Omar's remarks came at a time when leaders of SAARC nations including Prime Minister Narendra Modi and his Pakistani counterpart Nawaz Sharif are in Kathmandu for the regional summit.

Talking to media persons after filing the second set of nomination papers from Sonawar Assembly seat, which goes to polls in the fourth phase on December 14, the Chief Minister also appreciated the Prime Minister's outreach to neighbouring countries.

Asked about the possibility of talks between India and Pakistan during the ongoing SAARC Summit, Omar favoured a dialogue and said, "I don't think there is anybody in the right mind who would not want dialogue.

"At the end of the day, we tried all other alternatives to resolve our differences with Pakistan. We fought wars, we suspended dialogue but the closest we have come to resolving our differences is when India and Pakistan have been talking to each other, either during (Atal Bihari) Vajpayee saheb's time or during Dr Manmohan Singh's time.

"And, therefore, we do hope that this sort of element of suspicion and hostility, that has crept into our relation, can gradually be done with and if the SAARC Summit provides that opportunity, then nothing like that," Omar said.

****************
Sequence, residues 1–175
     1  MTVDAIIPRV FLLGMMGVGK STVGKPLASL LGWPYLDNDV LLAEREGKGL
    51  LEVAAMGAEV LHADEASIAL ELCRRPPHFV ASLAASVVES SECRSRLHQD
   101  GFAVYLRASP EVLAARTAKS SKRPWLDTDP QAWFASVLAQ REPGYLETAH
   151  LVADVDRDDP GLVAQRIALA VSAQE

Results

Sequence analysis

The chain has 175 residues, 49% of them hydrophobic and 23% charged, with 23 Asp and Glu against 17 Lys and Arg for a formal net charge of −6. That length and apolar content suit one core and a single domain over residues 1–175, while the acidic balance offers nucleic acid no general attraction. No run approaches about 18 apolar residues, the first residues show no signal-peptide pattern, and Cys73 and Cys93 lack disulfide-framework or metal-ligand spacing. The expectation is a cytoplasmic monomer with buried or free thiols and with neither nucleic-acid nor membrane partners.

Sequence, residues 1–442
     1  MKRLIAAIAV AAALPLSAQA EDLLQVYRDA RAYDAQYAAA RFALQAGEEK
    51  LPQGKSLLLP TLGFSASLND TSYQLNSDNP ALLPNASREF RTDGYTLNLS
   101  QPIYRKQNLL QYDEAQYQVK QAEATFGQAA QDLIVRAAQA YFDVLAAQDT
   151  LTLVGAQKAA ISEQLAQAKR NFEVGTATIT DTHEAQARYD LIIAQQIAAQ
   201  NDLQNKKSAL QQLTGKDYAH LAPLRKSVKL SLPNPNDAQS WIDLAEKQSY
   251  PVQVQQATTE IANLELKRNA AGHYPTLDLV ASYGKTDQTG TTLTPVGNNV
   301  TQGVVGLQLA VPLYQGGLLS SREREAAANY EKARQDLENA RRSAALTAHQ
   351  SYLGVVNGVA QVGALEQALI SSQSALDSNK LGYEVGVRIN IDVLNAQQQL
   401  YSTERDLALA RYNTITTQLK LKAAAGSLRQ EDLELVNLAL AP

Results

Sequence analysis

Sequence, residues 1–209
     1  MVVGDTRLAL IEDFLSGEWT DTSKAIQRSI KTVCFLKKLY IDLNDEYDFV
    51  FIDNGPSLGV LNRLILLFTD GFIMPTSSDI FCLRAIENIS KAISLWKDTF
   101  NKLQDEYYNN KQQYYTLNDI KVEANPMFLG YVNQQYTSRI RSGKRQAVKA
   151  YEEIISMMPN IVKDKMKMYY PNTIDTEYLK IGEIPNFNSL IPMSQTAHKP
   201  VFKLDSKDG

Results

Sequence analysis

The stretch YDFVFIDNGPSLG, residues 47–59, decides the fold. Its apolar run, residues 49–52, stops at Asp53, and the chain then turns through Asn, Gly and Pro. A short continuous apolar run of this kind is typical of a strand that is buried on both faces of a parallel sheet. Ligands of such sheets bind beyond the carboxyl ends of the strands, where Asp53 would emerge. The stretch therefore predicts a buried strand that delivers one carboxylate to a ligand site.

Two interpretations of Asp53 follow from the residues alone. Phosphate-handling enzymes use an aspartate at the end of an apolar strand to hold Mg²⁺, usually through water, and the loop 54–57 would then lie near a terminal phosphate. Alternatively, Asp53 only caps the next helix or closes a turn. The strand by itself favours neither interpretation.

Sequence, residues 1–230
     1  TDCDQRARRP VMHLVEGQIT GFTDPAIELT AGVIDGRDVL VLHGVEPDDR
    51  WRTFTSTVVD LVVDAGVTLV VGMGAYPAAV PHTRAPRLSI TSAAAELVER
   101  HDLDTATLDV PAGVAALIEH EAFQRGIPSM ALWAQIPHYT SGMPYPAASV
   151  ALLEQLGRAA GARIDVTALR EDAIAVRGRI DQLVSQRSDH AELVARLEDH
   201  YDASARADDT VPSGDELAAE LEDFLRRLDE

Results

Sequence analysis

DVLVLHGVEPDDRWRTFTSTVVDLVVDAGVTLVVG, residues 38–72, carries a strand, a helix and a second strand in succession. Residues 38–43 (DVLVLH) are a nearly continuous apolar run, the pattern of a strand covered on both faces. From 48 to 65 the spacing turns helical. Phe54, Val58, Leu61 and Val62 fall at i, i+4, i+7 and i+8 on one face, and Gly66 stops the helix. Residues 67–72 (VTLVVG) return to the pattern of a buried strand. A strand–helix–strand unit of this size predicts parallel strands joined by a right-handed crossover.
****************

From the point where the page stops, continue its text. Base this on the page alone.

Asked to comment on the achievements of the central government, the Chief Minister, who is also the working President of the ruling National Conference, said, "I think the greatest successes Prime Minister Modi has had were external.

"I haven't seen as much, in terms of achievement within the country, as he has been able to achieve externally" and listed the forthcoming visit of US President Barack Obama as Chief Guest at the Republic Day function as the "biggest success".

Omar, who had served as the Minister of State for External Affairs in the previous NDA government, also appreciated Modi's outreach to neighbouring countries and said "he has done a great job in reaching out to our neighbours which traditionally have felt very ignored."

However, he said, within the country, "I think six months is perhaps not long enough time to judge his performance but definitely some of the key election promises particularly one with regard to black money, where we had been promised that the black money will come back to country within a month, clearly that hasn't happened."

Omar was cautious in his reaction to the historic turnout in the first phase of elections in the state.

"The only rider I would like to attach is that this is not a single phased election, there are still four more phases to go out of which three more phases have to be fought in the Valley and, therefore, before we rush to pass judgement over ballot over bullet, defeat of separatists, I think we should wait for these three phases to pass.

Omar expressed hope that other phases will also pass off peacefully. "Then we can pass whatever judgements we want. I believe yesterday was a victory of democracy, it wasn't anybody's defeat and no matter where the votes went, because we will know who voted where on December 23. I am extremely grateful to every single person who braved the cold and everything else to come out and vote and I hope others in the subsequent phases follow this as well."

In the first phase of election in which 15 Assembly seats went to polls on Tuesday, the state recorded more than 70 percent of votes.

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